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URC Supports HIV Programs in 25 Countries
As a chronic, complex, communicable, and widely stigmatized disease, HIV poses challenges to health systems that require proven and innovative solutions that are keenly responsive to local conditions. University Research Co., LLC (URC) and its nonprofit affiliate Center for Human Services supports HIV programs that focus on creating better health outcomes for underserved and vulnerable populations. We currently support HIV programs in 25 countries in Africa, Asia, Eastern Europe, and Latin and North America. URC's projects in Nigeria, South Africa, Swaziland, Tanzania, and Uganda provide snapshots of our ongoing efforts to support healthy populations.
Nigeria: Reaching Women for HIV Counseling and Testing
Unequal gender norms often deter women from seeking HIV testing; many cannot leave work or home to access services and fear stigma if they test positive. Through the HIV and AIDS Comprehensive Care Initiative (HACCI), we partnered with a locally established organization, Women for Women International, to reach women in rural Nigeria. HACCI discussed issues surrounding HIV/AIDS with and offered voluntary counseling and testing services for groups of women who meet regularly through Women for Women. Three outreach campaigns have reached more than 400 women in one community in Enugu. Also, HACCI trained volunteers to disseminate information about HIV/AIDS and combat stigma in communities in four Enugu districts.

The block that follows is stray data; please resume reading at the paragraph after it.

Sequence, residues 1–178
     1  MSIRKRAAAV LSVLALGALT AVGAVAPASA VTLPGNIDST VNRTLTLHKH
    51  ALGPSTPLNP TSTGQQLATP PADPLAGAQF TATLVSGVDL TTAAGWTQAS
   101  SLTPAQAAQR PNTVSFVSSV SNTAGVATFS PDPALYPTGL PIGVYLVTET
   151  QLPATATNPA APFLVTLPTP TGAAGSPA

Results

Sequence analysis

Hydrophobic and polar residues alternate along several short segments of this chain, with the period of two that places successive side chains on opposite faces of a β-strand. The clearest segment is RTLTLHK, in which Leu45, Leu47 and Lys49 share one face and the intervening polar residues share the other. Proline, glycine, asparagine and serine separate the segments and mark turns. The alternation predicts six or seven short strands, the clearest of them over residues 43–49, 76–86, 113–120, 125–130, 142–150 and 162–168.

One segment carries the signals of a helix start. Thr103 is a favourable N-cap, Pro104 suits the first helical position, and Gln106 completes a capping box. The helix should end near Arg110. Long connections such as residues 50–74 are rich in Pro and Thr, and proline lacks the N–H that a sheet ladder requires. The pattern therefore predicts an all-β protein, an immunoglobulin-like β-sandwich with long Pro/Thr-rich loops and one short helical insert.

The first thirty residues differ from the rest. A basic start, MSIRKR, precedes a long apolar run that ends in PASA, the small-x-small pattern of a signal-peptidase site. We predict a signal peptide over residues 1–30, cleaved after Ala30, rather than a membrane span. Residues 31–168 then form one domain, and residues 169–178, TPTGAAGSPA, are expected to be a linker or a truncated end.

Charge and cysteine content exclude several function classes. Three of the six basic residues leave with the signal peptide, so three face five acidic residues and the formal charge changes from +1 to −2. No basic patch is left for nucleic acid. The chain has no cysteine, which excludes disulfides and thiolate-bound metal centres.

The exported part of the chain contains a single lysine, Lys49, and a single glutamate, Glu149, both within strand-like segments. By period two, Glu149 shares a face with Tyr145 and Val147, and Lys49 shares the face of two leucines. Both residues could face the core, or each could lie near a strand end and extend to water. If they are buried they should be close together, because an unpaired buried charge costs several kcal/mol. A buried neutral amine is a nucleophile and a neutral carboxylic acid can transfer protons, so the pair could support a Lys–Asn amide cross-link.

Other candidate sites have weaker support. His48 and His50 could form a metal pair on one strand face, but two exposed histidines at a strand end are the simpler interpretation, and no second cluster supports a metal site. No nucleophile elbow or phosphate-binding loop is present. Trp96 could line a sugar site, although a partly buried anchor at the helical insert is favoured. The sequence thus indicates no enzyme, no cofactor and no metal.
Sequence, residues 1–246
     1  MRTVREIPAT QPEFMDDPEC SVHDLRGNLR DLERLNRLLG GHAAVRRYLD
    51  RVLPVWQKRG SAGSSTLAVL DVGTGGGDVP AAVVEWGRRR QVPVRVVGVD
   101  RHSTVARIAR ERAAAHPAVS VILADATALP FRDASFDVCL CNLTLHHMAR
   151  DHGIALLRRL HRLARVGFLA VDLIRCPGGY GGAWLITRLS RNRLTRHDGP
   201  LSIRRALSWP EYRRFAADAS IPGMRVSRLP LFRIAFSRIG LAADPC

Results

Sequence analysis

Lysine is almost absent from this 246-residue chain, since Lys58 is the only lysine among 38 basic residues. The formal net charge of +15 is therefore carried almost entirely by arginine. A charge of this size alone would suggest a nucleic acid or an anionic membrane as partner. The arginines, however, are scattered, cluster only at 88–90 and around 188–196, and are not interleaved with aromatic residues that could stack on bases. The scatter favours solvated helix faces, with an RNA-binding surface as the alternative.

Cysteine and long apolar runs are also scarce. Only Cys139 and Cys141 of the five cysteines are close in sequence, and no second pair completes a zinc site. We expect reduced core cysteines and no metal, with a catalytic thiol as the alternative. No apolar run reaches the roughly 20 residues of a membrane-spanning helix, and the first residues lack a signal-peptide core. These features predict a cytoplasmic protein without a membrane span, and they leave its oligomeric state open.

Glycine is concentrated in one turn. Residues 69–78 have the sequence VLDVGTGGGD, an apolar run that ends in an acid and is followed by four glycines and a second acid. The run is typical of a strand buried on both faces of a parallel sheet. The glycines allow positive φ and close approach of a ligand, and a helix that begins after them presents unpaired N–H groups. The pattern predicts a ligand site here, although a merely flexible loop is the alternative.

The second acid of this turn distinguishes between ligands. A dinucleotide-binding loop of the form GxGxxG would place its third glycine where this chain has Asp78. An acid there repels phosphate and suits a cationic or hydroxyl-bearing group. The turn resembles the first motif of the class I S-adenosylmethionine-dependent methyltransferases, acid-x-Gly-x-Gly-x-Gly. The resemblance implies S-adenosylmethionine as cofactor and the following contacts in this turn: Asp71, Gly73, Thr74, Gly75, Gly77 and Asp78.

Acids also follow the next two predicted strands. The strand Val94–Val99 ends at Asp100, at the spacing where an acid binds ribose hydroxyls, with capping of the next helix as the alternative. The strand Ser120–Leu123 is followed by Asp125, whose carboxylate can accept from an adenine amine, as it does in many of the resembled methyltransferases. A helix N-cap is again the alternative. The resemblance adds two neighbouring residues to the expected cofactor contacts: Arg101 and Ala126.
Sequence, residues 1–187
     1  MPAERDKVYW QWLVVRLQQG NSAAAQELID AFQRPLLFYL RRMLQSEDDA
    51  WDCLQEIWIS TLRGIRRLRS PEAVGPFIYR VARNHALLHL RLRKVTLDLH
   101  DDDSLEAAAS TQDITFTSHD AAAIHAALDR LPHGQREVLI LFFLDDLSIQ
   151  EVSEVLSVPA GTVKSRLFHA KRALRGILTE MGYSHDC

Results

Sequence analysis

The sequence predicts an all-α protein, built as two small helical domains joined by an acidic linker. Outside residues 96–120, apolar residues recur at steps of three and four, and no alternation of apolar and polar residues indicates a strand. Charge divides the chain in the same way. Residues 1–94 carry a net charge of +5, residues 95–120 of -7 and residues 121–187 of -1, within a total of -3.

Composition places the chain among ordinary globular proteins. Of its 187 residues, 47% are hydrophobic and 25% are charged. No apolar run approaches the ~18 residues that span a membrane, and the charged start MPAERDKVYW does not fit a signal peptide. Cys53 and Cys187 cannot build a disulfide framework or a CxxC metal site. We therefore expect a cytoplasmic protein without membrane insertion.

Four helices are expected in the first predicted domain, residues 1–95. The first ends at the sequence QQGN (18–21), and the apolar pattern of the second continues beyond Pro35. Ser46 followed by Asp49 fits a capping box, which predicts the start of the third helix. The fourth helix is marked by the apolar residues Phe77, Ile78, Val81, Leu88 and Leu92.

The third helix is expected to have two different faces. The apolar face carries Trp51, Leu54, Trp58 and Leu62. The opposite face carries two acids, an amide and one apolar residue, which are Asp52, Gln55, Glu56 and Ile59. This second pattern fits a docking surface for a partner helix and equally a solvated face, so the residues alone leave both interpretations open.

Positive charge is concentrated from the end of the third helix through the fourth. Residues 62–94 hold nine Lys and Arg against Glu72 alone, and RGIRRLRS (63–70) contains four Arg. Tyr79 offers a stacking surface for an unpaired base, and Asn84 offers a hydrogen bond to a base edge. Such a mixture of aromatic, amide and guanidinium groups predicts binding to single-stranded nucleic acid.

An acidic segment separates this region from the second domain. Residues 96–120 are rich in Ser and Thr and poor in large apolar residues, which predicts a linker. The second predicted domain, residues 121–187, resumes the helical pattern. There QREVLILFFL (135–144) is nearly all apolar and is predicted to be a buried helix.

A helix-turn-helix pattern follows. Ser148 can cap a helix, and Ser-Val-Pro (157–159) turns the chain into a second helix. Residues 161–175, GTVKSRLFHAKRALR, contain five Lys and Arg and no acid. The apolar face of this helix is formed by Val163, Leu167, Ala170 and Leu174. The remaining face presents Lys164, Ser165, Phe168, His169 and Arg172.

South Africa: Introducing Provider-Initiated Counseling and Testing
URC works closely with facilities to empower health care providers to provide high-quality, patient-specific, and comprehensive HIV counseling combined with accurate and reliable testing. We help health systems create and/or strengthen links between HIV and other health services for provider-initiated counseling and testing (PICT). With PICT, health care workers offer and recommend HIV testing to all patients, regardless of their reason for seeking services.
South Africa has more people living with HIV than any other country and the most new infections each year. Many South Africans do not know their status, despite widespread availability of counseling and testing. As described in The South African Journal of HIV Medicine, our Centers for Disease Control and Prevention-funded project, Increasing Access to HIV Testing and Counseling, helped introduce PICT in South Africa. We worked with health facilities in six provinces to integrate PICT with key, high-volume services, such as antenatal care, family planning, sexually transmitted infections, and TB. The project directly supported the testing of more than a million South Africans.
Swaziland: Strengthening Care and Treatment for HIV/TB Co-infection
HIV infection is a key driver of TB in many countries; the virus suppresses the immune system, allowing TB infections to spread. To effectively respond to the dual epidemics, URC works to integrate prevention, counseling and testing, and care and treatment services of HIV and TB. In Swaziland, only one TB clinic provided HIV counseling and testing services to TB patients before 2006, and less than 5% of TB patients accessed those services. Working in close collaboration with Swaziland's National TB Control Program, we helped integrate HIV PICT in all 51 TB clinics nationwide. From 2006 to 2011, testing among TB patients increased to 90%. We also work to quickly initiate TB/HIV co-infected patients into appropriate treatment; in Swaziland, our HIV project increased antiretroviral treatment for co-infected TB patients from near zero in 2008 to 60% in 2011.